Joan
Nov 27, 2007 rated it liked it  ·  review of another edition
Recommends it for: people interested in the history of abolition and women's rights
Shelves: gender
Good book! The writing was dry and dated, but I knew very little before about these amazing women.

Yes, they were privileged Southern white hetero women, modest in dress and attractive, who were heard for these things, at least at first, rather than the content of their speeches.

But to think, that in the early 1830s, people attended anti-slavery meetings TO LAUGH because it was a woman delivering the speech! Because women had never spoken in public to a group of men before, let alone about politi
...more
Spencer
Apr 13, 2016 rated it liked it  ·  review of another edition
Shelves: biography
Having just read The Invention of Wings I simply had to read a real biography of these two sisters to see how the two books compare. They're pretty darn close, except for the fictionalized Netty Handful Grimké. Wings ends at about the time of their mother's death. The biography continues for another 40 years. They were a remarkable pair and their lives crossed with many noted Americans of the time—Horace Greely, Ralph Waldo Emerson, William Lloyd Garrison, John Quincy Adams, Henry David Thoreau, ...more
Becky Loader
May 17, 2014 rated it really liked it  ·  review of another edition
Sarah and Angelina Grimke were sisters in the early times of the 19th century. Groomed to be wives and mothers, they had inquiring minds and a wonderful brother who was more than willing to share his lessons with them. They were not content to remain in the home.

The sisters shared many radical ideas, including abolition of slavery and rights for women. Working within the framework of religion and how ideas were spread in the time, they had a remarkable effect on the beginning of social reform. T
...more
« previous 1 3 4 5 6 7 8 9 next »
There are no discussion topics on this book yet. Be the first to start one »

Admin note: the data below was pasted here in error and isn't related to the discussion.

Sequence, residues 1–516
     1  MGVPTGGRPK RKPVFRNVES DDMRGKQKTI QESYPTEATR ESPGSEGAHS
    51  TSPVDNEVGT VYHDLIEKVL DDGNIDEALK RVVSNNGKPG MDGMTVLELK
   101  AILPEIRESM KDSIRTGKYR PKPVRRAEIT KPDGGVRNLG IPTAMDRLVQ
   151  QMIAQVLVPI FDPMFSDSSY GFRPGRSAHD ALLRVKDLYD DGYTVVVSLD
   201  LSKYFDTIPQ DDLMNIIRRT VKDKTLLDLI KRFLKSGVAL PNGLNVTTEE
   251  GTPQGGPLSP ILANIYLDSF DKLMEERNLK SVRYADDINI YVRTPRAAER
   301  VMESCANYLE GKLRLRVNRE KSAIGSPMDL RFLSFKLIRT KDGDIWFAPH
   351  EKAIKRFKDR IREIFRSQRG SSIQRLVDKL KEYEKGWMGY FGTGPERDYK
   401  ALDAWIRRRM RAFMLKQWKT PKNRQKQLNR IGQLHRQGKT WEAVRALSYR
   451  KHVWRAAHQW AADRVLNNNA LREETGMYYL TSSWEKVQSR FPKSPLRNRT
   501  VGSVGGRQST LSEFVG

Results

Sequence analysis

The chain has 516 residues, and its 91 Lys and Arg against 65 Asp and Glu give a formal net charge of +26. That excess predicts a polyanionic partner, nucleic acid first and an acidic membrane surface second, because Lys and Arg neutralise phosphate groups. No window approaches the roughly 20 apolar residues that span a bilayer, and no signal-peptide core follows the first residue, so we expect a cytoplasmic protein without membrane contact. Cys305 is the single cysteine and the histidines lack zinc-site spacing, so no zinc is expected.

• Lift Up Thy Voice: The Sarah and Angelina Grimké Family’s Journey from Slaveholders to Civil Rights  Leaders
  • Denmark Vesey
  • The Bonds of Womanhood: "Woman's Sphere" in New England, 1780-1835
  • Africans in America: America's Journey through Slavery
  • To 'Joy My Freedom: Southern Black Women's Lives and Labors After the Civil War
  • Heaven's Bride: The Unprintable Life of Ida C. Craddock, American Mystic, Scholar, Sexologist, Martyr, and Madwoman
  • More Work For Mother: The Ironies Of Household Technology From The Open Hearth To The Microwave
  • Ar'n't I a Woman?: Female Slaves in the Plantation South
  • A Perfect Union: Dolley Madison and the Creation of the American Nation
  • City of Women: Sex and Class in New York, 1789-1860
  • The Kingdom of Matthias: A Story of Sex and Salvation in 19th-Century America
  • Liberty's Daughters: The Revolutionary Experience of American Women, 1750-1800
  • Good Wives, Nasty Wenches, and Anxious Patriarchs: Gender, Race, and Power in Colonial Virginia
  • Masquerade: The Life and Times of Deborah Sampson, Continental Soldier
  • Within the Plantation Household: Black and White Women of the Old South
  • Steel Drivin' Man: John Henry, the Untold Story of an American Legend
  • Fighting for American Manhood: How Gender Politics Provoked the Spanish-American and Philippine-American Wars
  • The Age of Homespun: Objects and Stories in the Creation of an American Myth
102764
Gerda Lerner (April 30, 1920 – January 2, 2013) was a historian, author and teacher. She was a professor emeritus of history at the University of Wisconsin–Madison and a visiting scholar at Duke University.

Lerner was one of the founders of the field of women's history, and was a former president of the Organization of American Historians. She played a key role in the development of women's history
...more
More about Gerda Lerner...